A tarantula is the ideal pet for some people. With a little bit of background knowledge, you can have a great pet that is fairly easy to take care of and that is very awesome to watch. You have a lot of different options for choosing a tarantula friend, but the general care is very similar. You will want to find out more specific information for certain species such as their humidity needs, final size, and food choices (which may be different for larger spiders). However, you can get started with the care information here.
Housing. The first step of caring for any pet is to meet its housing needs. With a tarantula, you will need a glass or plastic enclosure. This could be a tank, an aquarium, or even a plastic pet keeper or critter keeper. You will want to make sure there is lots of ventilation, but that your ventilation holes aren't big enough for your spider to crawl through (they can get through spaces that seem much too small). It is better to be safe then sorry, so cover large holes and spaces with screen (you can buy a roll of soft screen at most hardware stores). This will prevent the spider from escaping without cutting down on air and ventilation.
Substrate. Your spider will need a good substrate for the bottom. There are many options and it is really up to you. In fact, you may have to try a few different things before you find the one that is right for you and your spider. For most spiders (non-burrowing tarantulas), vermiculite is suitable. You can mix in cocoa fibers, chipped bark, and/or peat moss. There are other options as well. You will want to avoid potting soil and bringing in anything from outside. Potting soil tends to mold quickly and outside plant and animal materials can have mites, molds, and other pests which can be harmful. You will want about one to two inches of substrate for your tarantulas unless you are hoping that your burrowing tarantula will burrow, then it will need to be deeper and should be something more suitable to dig in than vermiculite.
Hiding spots and decorations. You can add a number of decorations that can serve as nice things to look at in the cage and also as good hiding spots. Coconut shells or parts of shells, broken clay pots, fake plants, and fake logs can all make great hiding spots and great things to decorate your cage with. If you find your spider doesn't like something or that they hide too much, you can decrease the number of things in the cage. Or add things as you desire.
Water. While food is something tarantulas can go long periods of time without, water is important. All tarantulas should have a small narrow dish of water that is smaller then the radius of their legs (if possible since some babies will be smaller then this). You will need to keep fresh water available. Sponges are bad watering options for tarantulas, but some are sold for that purpose. Some tarantulas have higher humidity needs as well and they will need to be sprayed down or have their ventilation covered with a moist cloth. If your spider has higher humidity needs, then you should also get a humidity gauge for the side of your tank.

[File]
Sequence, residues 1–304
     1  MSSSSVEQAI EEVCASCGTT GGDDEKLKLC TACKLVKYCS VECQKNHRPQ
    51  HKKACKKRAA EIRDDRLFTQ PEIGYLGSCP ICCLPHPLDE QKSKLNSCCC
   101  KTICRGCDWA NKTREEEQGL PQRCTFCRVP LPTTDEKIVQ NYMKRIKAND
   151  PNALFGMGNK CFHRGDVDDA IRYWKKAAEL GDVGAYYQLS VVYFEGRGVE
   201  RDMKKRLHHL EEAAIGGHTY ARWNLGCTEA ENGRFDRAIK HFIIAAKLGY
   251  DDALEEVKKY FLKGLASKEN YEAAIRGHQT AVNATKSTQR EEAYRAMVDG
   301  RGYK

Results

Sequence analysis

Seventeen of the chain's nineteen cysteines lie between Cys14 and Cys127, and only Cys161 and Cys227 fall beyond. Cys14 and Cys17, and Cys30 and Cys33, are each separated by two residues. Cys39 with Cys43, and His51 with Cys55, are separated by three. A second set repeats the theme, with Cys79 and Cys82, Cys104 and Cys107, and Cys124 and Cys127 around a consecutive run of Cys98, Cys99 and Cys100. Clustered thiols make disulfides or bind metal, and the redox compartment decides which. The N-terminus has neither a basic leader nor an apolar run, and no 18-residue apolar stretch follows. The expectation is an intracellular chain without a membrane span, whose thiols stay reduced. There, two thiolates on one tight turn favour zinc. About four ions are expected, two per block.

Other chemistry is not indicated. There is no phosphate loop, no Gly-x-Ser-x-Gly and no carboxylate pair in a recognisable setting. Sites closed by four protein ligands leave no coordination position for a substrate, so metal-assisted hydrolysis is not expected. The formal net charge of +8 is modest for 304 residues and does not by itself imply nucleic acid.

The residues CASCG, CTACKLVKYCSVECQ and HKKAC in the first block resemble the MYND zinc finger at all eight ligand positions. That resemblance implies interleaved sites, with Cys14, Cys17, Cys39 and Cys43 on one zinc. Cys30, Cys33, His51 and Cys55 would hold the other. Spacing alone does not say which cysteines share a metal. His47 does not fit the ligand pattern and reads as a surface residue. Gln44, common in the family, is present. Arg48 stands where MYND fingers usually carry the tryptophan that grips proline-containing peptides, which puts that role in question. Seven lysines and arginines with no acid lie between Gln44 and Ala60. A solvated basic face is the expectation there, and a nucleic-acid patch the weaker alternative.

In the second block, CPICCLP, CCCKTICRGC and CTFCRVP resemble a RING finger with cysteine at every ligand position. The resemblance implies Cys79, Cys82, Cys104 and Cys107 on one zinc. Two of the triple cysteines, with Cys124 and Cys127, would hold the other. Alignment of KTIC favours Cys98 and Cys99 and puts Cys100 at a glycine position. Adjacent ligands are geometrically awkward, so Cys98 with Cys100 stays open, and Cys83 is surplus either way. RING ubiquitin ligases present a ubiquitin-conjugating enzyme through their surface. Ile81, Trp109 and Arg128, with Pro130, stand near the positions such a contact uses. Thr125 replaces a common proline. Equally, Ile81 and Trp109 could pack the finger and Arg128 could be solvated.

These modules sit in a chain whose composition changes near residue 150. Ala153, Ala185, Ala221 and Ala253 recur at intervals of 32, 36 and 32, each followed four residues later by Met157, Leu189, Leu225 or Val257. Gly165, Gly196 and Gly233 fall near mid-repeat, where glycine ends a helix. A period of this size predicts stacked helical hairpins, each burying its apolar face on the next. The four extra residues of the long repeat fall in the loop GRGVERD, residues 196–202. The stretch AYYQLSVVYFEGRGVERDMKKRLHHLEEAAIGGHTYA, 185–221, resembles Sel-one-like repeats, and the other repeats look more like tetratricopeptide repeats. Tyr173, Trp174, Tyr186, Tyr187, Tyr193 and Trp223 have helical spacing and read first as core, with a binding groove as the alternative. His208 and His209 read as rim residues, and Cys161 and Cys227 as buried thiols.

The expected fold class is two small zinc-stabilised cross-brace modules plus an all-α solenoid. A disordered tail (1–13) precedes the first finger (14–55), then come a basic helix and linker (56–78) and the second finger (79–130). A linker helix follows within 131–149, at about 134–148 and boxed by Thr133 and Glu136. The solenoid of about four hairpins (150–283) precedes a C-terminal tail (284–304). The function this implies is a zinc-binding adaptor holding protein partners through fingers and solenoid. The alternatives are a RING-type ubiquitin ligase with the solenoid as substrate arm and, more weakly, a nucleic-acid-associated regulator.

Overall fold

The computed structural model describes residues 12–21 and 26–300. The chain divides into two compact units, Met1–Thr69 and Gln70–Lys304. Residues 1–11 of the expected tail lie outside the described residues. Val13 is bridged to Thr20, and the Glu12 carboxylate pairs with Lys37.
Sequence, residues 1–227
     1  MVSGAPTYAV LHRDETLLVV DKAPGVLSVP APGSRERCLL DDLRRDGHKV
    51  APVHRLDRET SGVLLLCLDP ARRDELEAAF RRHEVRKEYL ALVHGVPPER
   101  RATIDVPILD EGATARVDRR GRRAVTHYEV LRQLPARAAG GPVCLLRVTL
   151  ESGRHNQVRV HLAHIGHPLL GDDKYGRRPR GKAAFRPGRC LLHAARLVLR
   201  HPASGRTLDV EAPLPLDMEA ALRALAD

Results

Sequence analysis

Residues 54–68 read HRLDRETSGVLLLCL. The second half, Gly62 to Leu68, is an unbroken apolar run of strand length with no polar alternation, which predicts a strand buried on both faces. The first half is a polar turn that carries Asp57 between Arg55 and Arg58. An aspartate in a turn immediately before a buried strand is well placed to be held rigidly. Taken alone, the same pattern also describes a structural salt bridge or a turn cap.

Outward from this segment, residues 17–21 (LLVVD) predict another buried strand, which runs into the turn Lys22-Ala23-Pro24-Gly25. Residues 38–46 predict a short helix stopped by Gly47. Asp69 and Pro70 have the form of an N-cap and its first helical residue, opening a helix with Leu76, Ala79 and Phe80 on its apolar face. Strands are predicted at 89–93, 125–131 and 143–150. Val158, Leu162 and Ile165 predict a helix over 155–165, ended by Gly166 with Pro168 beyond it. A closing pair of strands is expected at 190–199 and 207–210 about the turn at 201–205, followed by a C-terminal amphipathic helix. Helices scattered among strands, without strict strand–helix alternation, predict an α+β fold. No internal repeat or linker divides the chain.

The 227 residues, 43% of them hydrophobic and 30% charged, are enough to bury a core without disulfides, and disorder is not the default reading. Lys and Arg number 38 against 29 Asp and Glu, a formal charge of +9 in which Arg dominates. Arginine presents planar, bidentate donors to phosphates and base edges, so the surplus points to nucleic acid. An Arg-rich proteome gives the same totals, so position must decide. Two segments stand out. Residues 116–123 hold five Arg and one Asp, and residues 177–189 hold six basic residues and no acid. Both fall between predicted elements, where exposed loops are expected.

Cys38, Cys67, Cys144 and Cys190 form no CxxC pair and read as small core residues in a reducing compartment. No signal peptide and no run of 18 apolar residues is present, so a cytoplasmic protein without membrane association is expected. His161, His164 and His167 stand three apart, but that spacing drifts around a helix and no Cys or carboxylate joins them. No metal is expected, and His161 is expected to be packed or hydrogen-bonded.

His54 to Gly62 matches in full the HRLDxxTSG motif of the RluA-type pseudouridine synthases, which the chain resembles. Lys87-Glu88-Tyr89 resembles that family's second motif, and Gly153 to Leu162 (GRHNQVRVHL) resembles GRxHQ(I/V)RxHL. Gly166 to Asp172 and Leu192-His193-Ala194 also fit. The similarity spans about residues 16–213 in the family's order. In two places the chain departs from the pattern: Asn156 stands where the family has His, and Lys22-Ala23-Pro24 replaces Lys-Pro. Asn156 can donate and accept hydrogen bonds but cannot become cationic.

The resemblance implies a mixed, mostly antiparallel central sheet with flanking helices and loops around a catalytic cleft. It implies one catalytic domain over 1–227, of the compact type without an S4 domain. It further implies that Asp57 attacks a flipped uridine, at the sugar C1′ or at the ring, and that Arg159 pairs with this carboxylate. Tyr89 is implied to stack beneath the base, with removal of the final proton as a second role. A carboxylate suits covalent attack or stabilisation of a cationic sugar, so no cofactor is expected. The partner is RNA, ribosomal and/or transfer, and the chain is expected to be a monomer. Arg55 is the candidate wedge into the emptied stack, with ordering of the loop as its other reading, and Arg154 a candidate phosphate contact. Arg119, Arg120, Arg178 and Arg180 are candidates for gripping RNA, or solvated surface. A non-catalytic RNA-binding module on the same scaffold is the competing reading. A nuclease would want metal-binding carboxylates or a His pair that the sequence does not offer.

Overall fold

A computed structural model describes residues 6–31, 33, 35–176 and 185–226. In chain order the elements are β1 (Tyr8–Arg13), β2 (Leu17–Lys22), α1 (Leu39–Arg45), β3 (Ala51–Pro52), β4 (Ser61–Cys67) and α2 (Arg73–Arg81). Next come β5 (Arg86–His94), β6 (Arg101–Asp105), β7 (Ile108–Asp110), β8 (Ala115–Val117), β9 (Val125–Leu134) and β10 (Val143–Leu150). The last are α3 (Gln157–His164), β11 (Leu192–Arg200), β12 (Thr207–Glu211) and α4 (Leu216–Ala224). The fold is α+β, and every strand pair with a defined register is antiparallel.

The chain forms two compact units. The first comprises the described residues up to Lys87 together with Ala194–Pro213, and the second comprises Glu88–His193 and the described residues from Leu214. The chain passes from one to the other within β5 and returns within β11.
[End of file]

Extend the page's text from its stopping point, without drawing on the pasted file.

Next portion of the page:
Food. Most tarantulas can live on crickets of a size appropriate to them. However, you can get creative with their food. Wingless fruit flies are an option as are mealworms (make sure they don't burrow or you make find the mealworm eating your tarantula during moulting time). Some say that termites are a good option, too, though it's best to avoid wild food unless you know it doesn't contain pesticides. A larger tarantula will also enjoy a pinkie (baby mouse).
Moulting. It is important to know that as your tarantula grows, it will moult its skin. Most spider owners notice something is "wrong" when the tarantula stops eating for several days. It is a good idea to get out all food that is in the cage when your tarantula stops eating it. Your tarantula is most vulnerable during its moulting process and you touching it could prove fatal, as well as it being attacked by food such as live crickets or mealworms. To moult, it will lay on its back. This could take several hours or even overnight. After it is done, there will be a tarantula skin and a tarantula. You can keep the skin or dispose of it. This is how your tarantula will grow and get larger. Hold off on feeding it for a few days. Your tarantula won't starve and this will protect its delicate skin from defensive food. Resume feeding after three to five days.
Special needs. It should be noted that some species of tarantula have special needs. They may need it to be warmer in their cage than it is in your house (especially true if you live in a cold winter climate). Others need high humidity. Others need special food, especially if you are getting a very young spider. It might need you to cut up worms or crickets or you might have to deal with pinhead crickets (babies that are very small). Be aware that these are some needs you may have to meet depending on the species you choose. It is a good idea to read a care sheet first and/or talk to some people on spider or exotic animal message boards.
Most tarantulas are easy to care for and make good pets. None of them should be handled regularly or often and all can bite (though a tarantula bite isn't fatal). You should watch kids around them and teach them to respect the tarantula. However, even with these issues, these are fun pets to watch and can make for a very enjoyable pastime. Some great species to start with include: Chilean Rose, Entre Rios, Curly Hair, Red Rump, and White Collar tarantulas. Others may be just fine for you--do your research and you will figure out the kind that you want the most. You can mail order them from breeders online or sometimes find them at local pet stores. It should be noted that if you are having your tarantula mailed to you, you should overnight it for safety reasons. Now you have the knowledge that it takes to care for your tarantula--have fun and enjoy!